• A basal cell carcinoma is more common on the skin (on the areas most exposed to the sun: the arms, the shoulders, the scalp in a bald man…), in the corners of the eyes, the bridge of the nose, the ears…
  • A squamous cell carcinoma is more common in the mucous membranes (mouth, etc.).

A bleeding lesion is not serious if the bleeding was caused by rubbing or snagging. On the other hand, if the bleeding is spontaneous (without particular reason), there it is worrying. “It could reveal a tumor that has infiltrated deep blood vessels. This is not considered a warning sign because a bleeding lesion is usually a sign of melanoma or carcinoma that has already taken hold“, points out Dr. Rousseaux. It must therefore be monitored by a doctor who will make the diagnosis and guide the treatment.

If the tumor goes deep and tends to tickle the nerve corpuscles, it can cause this area to itch“, observes the specialist. An itch that persists despite the application of a cream should prompt you to consult a doctor.

There are 3 types of skin cancer:

  • Basal cell carcinoma, developed from the epidermis: the most frequent and the most curable. It evolves slowly.
  • Squamous cell carcinoma Where squamous cell, developed from the keratinocytes (squamous cells) of the skin, more aggressive than the basal cell. it evolves faster and can metastasize.
  • melanoma, developed from the melanocytes of the skin. It is more aggressive and rarer.

It is advisable to consult your GP or a dermatologist in the event of a change in the appearance of your skin (a wound/lesion which does not heal, a pimple or a scab which persists and/or changes, a mole different from the others (in its shape, size, color or its thickness), a new brown spot that appears on your skin…). “At the slightest worry on a mole, spot, pimple or lesion, seek medical advice. Fortunately, in 9 out of 10 cases, it’s nothing serious, but sometimes it’s a little more annoying and you have to either do a biopsy or remove the mass.“, insists the specialist. In all cases, a consultation allows, at best to remove the fears, and at worst to consider a care.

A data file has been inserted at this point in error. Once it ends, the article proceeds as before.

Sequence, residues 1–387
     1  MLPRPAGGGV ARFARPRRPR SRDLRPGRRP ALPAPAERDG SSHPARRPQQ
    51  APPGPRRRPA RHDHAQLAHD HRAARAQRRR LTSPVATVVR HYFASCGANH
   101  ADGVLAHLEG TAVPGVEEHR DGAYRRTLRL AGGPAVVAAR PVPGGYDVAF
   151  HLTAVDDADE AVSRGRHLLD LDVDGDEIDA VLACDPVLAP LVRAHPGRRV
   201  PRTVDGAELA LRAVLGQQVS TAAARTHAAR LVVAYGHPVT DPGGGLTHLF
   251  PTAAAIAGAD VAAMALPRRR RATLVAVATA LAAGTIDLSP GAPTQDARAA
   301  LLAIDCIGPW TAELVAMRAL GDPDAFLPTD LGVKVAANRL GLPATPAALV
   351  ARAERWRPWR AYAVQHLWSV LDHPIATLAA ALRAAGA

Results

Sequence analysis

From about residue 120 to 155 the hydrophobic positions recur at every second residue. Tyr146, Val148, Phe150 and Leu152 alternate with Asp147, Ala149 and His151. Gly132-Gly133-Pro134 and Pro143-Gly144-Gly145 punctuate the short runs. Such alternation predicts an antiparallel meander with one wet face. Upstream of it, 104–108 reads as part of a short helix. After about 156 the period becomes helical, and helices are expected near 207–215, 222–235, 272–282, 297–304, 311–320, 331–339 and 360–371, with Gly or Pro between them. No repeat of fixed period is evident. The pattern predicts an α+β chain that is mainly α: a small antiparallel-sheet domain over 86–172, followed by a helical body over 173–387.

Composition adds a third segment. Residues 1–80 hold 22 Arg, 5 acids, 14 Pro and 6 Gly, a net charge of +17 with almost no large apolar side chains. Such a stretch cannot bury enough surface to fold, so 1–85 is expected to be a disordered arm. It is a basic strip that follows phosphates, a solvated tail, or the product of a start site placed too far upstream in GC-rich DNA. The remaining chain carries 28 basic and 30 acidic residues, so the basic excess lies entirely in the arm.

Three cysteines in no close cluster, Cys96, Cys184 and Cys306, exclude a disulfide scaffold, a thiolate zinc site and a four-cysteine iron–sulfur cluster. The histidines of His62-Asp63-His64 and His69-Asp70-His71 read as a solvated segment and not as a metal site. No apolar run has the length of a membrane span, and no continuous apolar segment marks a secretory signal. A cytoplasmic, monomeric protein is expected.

Frequency of monitoring by a dermatologist:

  • When there is no particular risk: every 2 years.
  • When you have a family history or already had a melanoma: every year.

Protecting yourself from UV rays is the best prevention against skin cancer. A few simple reflexes can limit the risks:

  • Avoid exposing yourself to the sun between 11 a.m. and 4 p.m. and generally seek as much shade as possible. If you wish to expose yourself, do so in small increments (15-20 minutes for example), but avoid long sunbathing.
  • If you are exposed to the sun, cover yourself with clothes, a hat and sunglasses. In the absence of clothing, apply sunscreen (at least an index 30, at best an index 50) every 2 to 3 hours, particularly on areas at risk of cancer (face, neck, shoulders, forearms, hands, etc.).
  • Avoid using tanning booths: artificial UV rays are also bad and dangerous for the skin. Please note that UV cabins are prohibited for minors.

Watch your skin, especially if:

  • You have fair skin, blond or red hair and you don’t tan easily
  • You have freckles
  • You have more than one quarantine moles on all the body
  • You have large moles (more than 5/6 mm in diameter) and/or irregular
  • You have a family history of melanoma
  • You had severe sunburn during childhood or adolescence
  • You lived a long time in a very sunny country
  • You are often exposed to the sun through your job or your hobbies.

Thanks to Dr Isabelle Rousseaux, dermatologist-venerologist in Lille.